Would it not be a good business if you can limit your risk for your lease terms with a very long-term lease and renewals? If the numbers work the numbers work. I don’t understand the problem with having to have the property. It sounds like you were all talking about owning the property from a risk standpoint so using your lease to manage risk would 100% cover that. Depending on your lease terms you could also theoretically pull out more money in operations if you have a great lease terms then if you had to purchase highly appreciated property in 2019.
We are looking to purchase a car wash in the next five years so understanding this will certainly be helpful. Thanks in advance for your advice.
 

MEP001

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If you can work out the perfect iron-clad lease, then yes, you could buy the business and not the land. It's just highly unlikely someone will sell you the business for the right price and under the perfect conditions. It's also going to be extremely difficult to get a loan on a business/building on leased property because you won't have the equity of the land to support the loan. IMO best case would be owner finance on the building with a very long-term lease and either a right of first refusal to buy the land if it goes up for sale or a clause in your lease to make it transfer on sale.
 

Pjtmiii

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If you can work out the perfect iron-clad lease, then yes, you could buy the business and not the land. It's just highly unlikely someone will sell you the business for the right price and under the perfect conditions. It's also going to be extremely difficult to get a loan on a business/building on leased property because you won't have the equity of the land to support the loan. IMO best case would be owner finance on the building with a very long-term lease and either a right of first refusal to buy the land if it goes up for sale or a clause in your lease to make it transfer on sale.
Thank you, I appreciate the Intel. We almost bought a car wash in South Jersey a few years back and luckily we have a pretty good working relationship with a few of the banks we use for real estate. I didn’t even consider the equity in the land as security for the loan if you purchased the land. That may help get over some speed bumps if the numbers aren’t great. Thank you.
 

CarWashAdvisory

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Hey everyone, I know this thread is a little stale - but I'm hearing a lot of questions on this lately - so I wanted to bring up a few points and put them out there.

@MEP001 - I agree with everything you said. I just wanted to add a few more thoughts.

The Short:

Owning the real estate in addition to the business is desirable as a purchaser for three main reasons:

(1) The Most Surface Level Reason - Simplicity, Confidence, and Comfort
  • Not having the headaches of dealing with a landlord
  • Not having the potential risk of a less than airtight lease erupting into a scenario that could end or disrupt your business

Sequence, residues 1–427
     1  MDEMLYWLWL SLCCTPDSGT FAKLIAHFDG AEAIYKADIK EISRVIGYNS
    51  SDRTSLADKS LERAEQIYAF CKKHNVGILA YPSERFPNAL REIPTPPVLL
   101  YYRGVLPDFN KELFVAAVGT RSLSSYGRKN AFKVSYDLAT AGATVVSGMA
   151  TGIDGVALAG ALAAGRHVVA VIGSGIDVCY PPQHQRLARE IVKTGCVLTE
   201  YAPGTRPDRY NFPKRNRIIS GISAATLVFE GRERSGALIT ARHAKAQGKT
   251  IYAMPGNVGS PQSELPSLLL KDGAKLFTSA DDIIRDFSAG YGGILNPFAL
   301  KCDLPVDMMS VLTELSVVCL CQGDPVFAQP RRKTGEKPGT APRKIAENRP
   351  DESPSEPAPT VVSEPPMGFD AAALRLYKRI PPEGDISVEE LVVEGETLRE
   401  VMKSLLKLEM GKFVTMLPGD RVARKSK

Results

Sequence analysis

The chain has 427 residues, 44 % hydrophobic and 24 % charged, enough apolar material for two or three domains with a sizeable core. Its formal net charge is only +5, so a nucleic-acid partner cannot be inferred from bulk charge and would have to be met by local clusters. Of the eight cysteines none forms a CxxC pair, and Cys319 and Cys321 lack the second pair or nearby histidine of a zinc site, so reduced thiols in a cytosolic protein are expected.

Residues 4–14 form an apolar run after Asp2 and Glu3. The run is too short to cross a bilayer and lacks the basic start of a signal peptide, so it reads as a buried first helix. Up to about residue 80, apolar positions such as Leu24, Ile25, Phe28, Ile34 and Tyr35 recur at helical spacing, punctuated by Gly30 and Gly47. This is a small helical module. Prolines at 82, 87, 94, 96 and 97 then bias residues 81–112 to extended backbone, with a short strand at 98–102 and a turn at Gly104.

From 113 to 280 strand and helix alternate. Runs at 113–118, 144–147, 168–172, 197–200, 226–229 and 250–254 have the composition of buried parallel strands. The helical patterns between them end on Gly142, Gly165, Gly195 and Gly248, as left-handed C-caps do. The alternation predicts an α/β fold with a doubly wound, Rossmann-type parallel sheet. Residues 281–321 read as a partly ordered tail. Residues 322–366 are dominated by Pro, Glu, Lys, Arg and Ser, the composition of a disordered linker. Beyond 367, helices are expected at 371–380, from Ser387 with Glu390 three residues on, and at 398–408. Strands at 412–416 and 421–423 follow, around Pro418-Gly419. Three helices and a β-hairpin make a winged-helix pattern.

(2) The Intermediate Reason - Optionality
  • At some point (theoretically that is) - the decoupling of the real estate from the business will occur. As dug into below (in 'The Long'), they are different return profiles and tend to lend themselves to different buyers. Due to such, there is value to be unlocked for whoever the joint owner is at the time when this optionality is exercised (and the decoupling occurs). Most people want to be in that beneficiary position.
(3) The Deepest Reason - Downside Protection and Liquidity
  • By owning the land and not having to pay rent, the business owner can be more confident and able to both (A) weather tough times (by having more free cash flow due to not having to pay rent and healthier profit margins due to such) (B) recoup some of their invested capital in the case of the ultimate bad time and business closure.
  • Liquidity is often overlooked, but by having the real estate and business together, the buyer universe (due to the aforementioned reasons) is larger. Thus making it easier to sell - especially in tough times.
Now don't get me wrong, as others have pointed out, the ability to gain financing, price disparities, etc... there are other reasons and factors at play here. I just want to state that there is a flip side to this coin (not arguing for either or - as there is no single answer). Although the advantages of owning the business without the land are rarely spoken about, there are pros and cons to both - this is not a "right" or "wrong" question. This is a trade-off. Along with owning the real estate comes real estate pricing risk, the requirement to tie up more capital, and generally speaking lowering your expected return per dollar invested (all else equal). It's a trade-off. Sometimes the decision is made for you, as you may be unable to secure capital or financing without the real estate being part of the collateral pool. But in many cases, it's a choice, and in those cases, it's a trade-off.

What's even happening now more than ever before - is people buying car washes with the real estate, and then selling off just the real estate immediately after (while retaining ownership of the wash, business, and operations), to lower cost basis, free cash flow, amplify returns, capitalize on the real estate demand right now.

I’ve actually got an article coming out on this shortly. I tried to just post the whole thing here in my response – but it hit the word limit. But if you would like to know more about how this works etc… I’ll post a link to that article when it comes out (if I’m allowed to – I’m not sure what the forum rules on that are). It will provide color on all of this with tangible numbers demonstrating all the points in a real-life true scenario.
 

MEP001

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I'm sure no one will mind what you post as long as you don't try to pull forum members' questions away and into your business like you tried once before.